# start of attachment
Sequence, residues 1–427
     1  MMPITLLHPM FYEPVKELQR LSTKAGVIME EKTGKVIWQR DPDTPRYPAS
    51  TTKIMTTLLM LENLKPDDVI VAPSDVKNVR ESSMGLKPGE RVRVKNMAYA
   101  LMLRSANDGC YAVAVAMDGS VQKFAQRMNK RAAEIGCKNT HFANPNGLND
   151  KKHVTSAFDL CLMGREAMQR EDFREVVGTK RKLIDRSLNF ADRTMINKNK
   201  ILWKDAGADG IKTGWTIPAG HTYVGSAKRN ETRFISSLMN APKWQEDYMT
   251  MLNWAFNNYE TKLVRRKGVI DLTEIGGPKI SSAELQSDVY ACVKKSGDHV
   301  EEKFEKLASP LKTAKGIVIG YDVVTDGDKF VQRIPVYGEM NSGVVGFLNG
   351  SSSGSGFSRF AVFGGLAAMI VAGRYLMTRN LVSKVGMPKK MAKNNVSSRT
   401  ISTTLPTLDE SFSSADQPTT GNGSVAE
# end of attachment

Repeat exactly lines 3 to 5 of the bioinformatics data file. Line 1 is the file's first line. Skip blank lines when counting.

    51  TTKIMTTLLM LENLKPDDVI VAPSDVKNVR ESSMGLKPGE RVRVKNMAYA
   101  LMLRSANDGC YAVAVAMDGS VQKFAQRMNK RAAEIGCKNT HFANPNGLND
   151  KKHVTSAFDL CLMGREAMQR EDFREVVGTK RKLIDRSLNF ADRTMINKNK